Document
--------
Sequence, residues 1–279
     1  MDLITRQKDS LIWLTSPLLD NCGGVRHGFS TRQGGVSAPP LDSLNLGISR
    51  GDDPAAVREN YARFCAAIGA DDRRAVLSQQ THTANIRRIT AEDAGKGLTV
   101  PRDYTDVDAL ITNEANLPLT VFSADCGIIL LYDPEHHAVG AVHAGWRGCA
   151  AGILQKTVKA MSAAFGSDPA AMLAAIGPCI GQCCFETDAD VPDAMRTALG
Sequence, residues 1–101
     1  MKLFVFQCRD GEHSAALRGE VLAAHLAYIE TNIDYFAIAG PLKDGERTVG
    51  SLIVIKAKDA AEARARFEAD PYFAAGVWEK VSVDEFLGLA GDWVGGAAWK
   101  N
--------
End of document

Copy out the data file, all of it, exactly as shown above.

Sequence, residues 1–279
     1  MDLITRQKDS LIWLTSPLLD NCGGVRHGFS TRQGGVSAPP LDSLNLGISR
    51  GDDPAAVREN YARFCAAIGA DDRRAVLSQQ THTANIRRIT AEDAGKGLTV
   101  PRDYTDVDAL ITNEANLPLT VFSADCGIIL LYDPEHHAVG AVHAGWRGCA
   151  AGILQKTVKA MSAAFGSDPA AMLAAIGPCI GQCCFETDAD VPDAMRTALG
Sequence, residues 1–101
     1  MKLFVFQCRD GEHSAALRGE VLAAHLAYIE TNIDYFAIAG PLKDGERTVG
    51  SLIVIKAKDA AEARARFEAD PYFAAGVWEK VSVDEFLGLA GDWVGGAAWK
   101  N